Lea Schlenker reflects on a Europe where young, religious people want to live

10 June, 2022

Feature Article No: 03/22
10 June 2022

By Susan Kim (*)

Lea Schlenker, from the Evangelical Church in Germany, is a member of CEC Governing Board, and she also serves as Youth Advisor. Below, she reflects on some of the challenges and opportunities young people are voicing today—and how CEC is listening.

On any given day, Lea Schlenker hears a lot of news about the war in Ukraine. For Schlenker, the war was a wake-up call. Relations of trust across national or denominational boundaries, which lay at the heart of ecumenism, regained importance in light of the war.

“CEC has conducted listening sessions with Ukrainians,” she said. “Thanks to video conference tools, we could learn from the ground what is going on.”

Schlenker saw and heard firsthand the important role churches are playing in keeping the hope for peace alive, and offering relief to suffering people. “Churches contribute to political questions and diplomatic relations,” she said. “In addition to that, I also appreciate that we have prayer as a form of responding to what we experience.”

She recalled that, shortly before CEC gathered for an online pre-assembly in February to prepare for the upcoming World Council of Churches 11th Assembly, Ukraine was attacked. “Everything was rescheduled and we all gathered to pray,” she said. “People in countries not directly affected could connect to Ukrainians, listen to them and pray with them.”

CEC is often the table around which people can draw together. “CEC plays a very crucial role in that sense,” she said.

Schlenker also finds solace through singing—a tradition close to her heart and to her Lutheran home church. “During COVID, we had so many restrictions on singing, and we couldn’t sing at all for a long time,” she said.

As COVID restrictions were lifted, and the war in Ukraine started, suddenly her church was full. “We were shocked by the war, and the only way we found to express our grief was to sing songs for peace,” she said. “You experienced one voice across the generations—it was a unifying moment.”

That sense of unity across generations is, in turn, something she brings to CEC’s board. “Let’s be honest,” she said. “I got on the board because I was female, a layperson and young.”

In fact, when she first became a CEC board member, it was hard to let go of the feeling that she was present simply because she fit a category.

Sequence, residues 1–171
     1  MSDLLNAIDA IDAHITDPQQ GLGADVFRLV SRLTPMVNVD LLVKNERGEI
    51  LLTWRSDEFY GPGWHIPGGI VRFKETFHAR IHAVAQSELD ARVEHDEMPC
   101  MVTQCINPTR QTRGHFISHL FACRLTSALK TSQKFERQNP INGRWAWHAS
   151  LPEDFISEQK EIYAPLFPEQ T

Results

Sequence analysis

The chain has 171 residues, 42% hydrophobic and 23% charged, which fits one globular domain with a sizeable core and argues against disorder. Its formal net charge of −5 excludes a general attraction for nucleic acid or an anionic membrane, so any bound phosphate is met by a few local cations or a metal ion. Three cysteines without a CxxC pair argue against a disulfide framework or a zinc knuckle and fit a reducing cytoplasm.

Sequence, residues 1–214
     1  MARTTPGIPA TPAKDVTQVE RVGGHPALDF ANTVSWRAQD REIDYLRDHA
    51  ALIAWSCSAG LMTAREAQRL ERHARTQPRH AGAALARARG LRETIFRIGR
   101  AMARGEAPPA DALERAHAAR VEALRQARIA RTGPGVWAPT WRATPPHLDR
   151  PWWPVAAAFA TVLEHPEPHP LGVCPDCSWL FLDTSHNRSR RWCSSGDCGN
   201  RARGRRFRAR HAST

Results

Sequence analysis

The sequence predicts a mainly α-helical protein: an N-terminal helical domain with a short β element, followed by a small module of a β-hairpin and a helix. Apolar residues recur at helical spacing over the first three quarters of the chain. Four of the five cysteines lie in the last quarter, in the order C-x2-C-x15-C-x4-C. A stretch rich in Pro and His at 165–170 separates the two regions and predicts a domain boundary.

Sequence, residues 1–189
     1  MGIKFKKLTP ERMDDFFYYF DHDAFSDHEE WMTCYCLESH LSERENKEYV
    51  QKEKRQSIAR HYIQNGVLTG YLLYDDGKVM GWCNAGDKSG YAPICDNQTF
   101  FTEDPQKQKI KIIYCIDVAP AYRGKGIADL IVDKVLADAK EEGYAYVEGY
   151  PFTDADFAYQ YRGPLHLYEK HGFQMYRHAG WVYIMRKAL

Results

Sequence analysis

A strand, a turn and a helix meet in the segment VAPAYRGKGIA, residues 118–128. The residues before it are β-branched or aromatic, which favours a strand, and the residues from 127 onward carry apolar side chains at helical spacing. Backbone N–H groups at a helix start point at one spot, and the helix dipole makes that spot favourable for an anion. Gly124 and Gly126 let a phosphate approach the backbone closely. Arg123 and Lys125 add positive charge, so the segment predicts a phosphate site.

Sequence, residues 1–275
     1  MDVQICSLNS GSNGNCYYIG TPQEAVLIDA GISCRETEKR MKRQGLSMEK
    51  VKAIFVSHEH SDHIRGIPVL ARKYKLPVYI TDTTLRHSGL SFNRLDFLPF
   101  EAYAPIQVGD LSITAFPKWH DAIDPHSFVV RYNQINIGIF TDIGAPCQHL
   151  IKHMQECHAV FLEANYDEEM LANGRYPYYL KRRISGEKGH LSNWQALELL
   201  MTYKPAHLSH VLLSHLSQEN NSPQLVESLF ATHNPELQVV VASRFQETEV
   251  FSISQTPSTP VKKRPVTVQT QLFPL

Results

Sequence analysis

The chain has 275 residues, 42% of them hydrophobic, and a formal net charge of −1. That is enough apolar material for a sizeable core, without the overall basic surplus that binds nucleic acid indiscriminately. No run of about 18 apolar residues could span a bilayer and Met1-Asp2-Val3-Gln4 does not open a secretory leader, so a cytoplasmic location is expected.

“I was always a bit skeptical about quota regulations,” she said. “For me, this experience has come from being ‘the quota’ to being a fully integrated member of the board who can present things and even pave the path forward for others.”

She believes CEC is seizing the opportunity to put into place strategies that will enable young people from CEC Member Churches to participate in ecumenical and advocacy work.

“It is good to experience that I don’t need to remind other board members about youth representation,” she said. “People are willing to include youth but many times the systemic issues are very hard.”

For people between 18 and 30 years old, their lives are often full of transitions. “Church structures expect you to know that you more or less know what you’ll be doing in five years’ time,” she said. “For youth that’s not the case.”

To bridge the gaps, CEC cooperates with ecumenical youth organisations, which it highly values.

As far as role models, Schlenker follows with interest Anna-Nicole Heinrich, the current praeses of the synod of the Evangelical Church in Germany. “She’s really comfortable with getting uncomfortable,” said Schlenker. “She’s also decisive about what churches should be about and what they shouldn’t be about. That’s inspiring for me in terms of church leadership.”

As 2022 is the European Year of Youth, Schlenker tries to envision the Europe where she wants to live as a religious person. “We generally have a problem with religious illiteracy,” she said. “People oftentimes have prejudices and don’t really know what religion is about.”

She believes CEC is an actor that contributes to a better understanding of religion and churches in Europe. “CEC brings together people from many different geographic and national backgrounds,” she said. “We all make up this diverse Christian family.”

CEC convenes a constructive discourse, Schlenker added. “It’s difficult to be the voice of the churches in Europe because we are so many—but because of that, churches have a lot to offer.”

(*) Susan Kim is a freelance journalist from the United States.

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